Boston, Mass. – February 1, 2016 – (RealEstateRama) — The U. S. Environmental Protection Agency will help the City of Lawrence with of financial and technical guidance about making future investments in its drinking water and wastewater infrastructure. EPA’s new Water Community Assistance for Resiliency and Excellence (WaterCARE) program will assist in developing robust and resilient finance strategies for water infrastructure that meets long-term needs.
The City of Lawrence was one of ten communities nationally to be selected as a WaterCARE recipient. Lawrence was selected because of its dedication to increasing community sustainability by financing water infrastructure improvements.
Through WaterCARE, EPA can help communities to conduct financial evaluations including alternatives analyses, rate and revenue studies, water efficiency studies, and resiliency assessments. Services though the program may also include developing asset management programs, identifying financing options and partnership opportunities, and providing public engagement outreach and decision-maker training.
“Dependable water infrastructure is essential to community prosperity, and EPA is committed to providing financial guidance to help them invest in the necessary water infrastructure,” said EPA Regional Administrator Curt Spalding. “EPA is proud to make a visible difference in Lawrence and help invest in sustainable infrastructure, which is increasingly important as water resources are strained by the impacts of climate change.”
“Using federal funds to partner with local cities to address public needs puts us on a solid path to future growth and safer, healthier communities,” said Congresswoman Niki Tsongas. “This EPA program will help modernize Lawrence’s infrastructure and reflects the City’s dedication to progress, revitalization and an environmentally friendly future for all Lawrence families.”
“I want to thank Curt Spalding and EPA as well as our State and Federal Government for this WaterCARE grant,” said Mayor Daniel Rivera. “Building and maintaining a strong water infrastructure is crucial to the public health of our residents, and I am looking forward to strengthening our water infrastructure through our capital improvement plan to ensure the safest water possible for our community.”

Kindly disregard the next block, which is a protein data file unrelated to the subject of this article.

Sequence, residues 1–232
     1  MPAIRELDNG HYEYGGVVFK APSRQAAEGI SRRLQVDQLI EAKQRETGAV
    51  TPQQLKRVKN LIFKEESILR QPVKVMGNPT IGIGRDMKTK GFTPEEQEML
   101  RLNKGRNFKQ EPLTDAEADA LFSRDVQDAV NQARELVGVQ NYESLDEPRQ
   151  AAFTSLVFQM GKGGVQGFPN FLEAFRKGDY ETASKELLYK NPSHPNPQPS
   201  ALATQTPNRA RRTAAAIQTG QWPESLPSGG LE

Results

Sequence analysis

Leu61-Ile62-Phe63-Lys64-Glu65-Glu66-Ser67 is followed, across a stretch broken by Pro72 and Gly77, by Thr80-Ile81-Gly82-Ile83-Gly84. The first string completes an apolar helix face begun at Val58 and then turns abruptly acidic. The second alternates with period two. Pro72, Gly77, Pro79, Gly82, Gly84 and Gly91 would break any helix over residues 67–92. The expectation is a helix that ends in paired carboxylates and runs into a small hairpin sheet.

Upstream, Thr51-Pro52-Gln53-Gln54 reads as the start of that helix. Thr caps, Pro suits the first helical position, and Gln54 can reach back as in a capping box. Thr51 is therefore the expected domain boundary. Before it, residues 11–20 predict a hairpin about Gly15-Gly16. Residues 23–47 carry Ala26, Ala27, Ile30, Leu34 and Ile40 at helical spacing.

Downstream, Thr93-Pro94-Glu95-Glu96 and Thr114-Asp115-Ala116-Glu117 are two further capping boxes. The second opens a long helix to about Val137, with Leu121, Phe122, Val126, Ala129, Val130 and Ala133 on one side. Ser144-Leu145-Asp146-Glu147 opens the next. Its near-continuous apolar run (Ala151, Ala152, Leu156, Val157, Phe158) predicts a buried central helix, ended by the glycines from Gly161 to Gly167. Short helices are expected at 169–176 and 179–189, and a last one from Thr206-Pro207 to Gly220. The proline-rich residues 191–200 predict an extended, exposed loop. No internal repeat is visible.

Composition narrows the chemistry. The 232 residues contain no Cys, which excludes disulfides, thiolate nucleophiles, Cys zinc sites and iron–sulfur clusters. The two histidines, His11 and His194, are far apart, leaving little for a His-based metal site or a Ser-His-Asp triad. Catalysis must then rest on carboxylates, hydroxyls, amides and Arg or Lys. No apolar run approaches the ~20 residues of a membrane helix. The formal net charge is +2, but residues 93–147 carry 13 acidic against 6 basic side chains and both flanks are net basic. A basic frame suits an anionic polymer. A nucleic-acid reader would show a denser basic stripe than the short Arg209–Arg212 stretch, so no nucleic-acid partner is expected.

WaterCARE communities have a population less than 100,000, a need to address public health challenges, median household income considerations, and readiness to proceed with a capital improvement project. Project successes will be shared with other communities that have similar water infrastructure financing needs.
In addition, EPA’s Water Infrastructure Resilience and Finance Center is working in a number of other areas to increase investment in water infrastructure:
• State and Stakeholder Federal Funding Engagement – EPA is engaging with states and stakeholders to provide financial guidance and expertise on best practices for utilizing federal funding and private financing programs.
• Water Finance Forums – EPA is convening a series of forums across the country for communities to share their successful financing strategies. Forums have been held in Texas and New Jersey with upcoming forums scheduled in Oregon and Virginia.
• Utility Customer Assistance Programs Compendium – EPA is collaborating with national water sector associations to develop a compendium of utility customer assistance programs. The compendium will include information on programs for customers who have difficulty paying water and sewer bills. Utilities have developed these programs to enable access to drinking water and wastewater services for all customers, while meeting the operational and capital costs of providing these services. The compendium will be available in spring 2016.
• Water Sector Partnerships – EPA is conducting research on P3 projects – meaning both public-private and public-public partnerships – to take an objective look at financing strategies in the water sector. EPA is developing project profiles and an accompanying model that communities can reference when considering alternate sources of funding for major water projects. Products will be available in spring 2016. EPA is also supporting water P3 training for local officials.
• Stormwater Financing – EPA is developing a stormwater financing clearinghouse to help communities develop revenue streams to finance stormwater and green infrastructure projects. Products will be available in summer 2016.
• Energy and Water Performance Contracting – EPA is researching model contracts to increase funding for improved energy and water management in small- and medium-sized systems.
For more information: http://www.epa.gov/waterfinancecenter
Contact Information: Emily Bender, 617-918-1037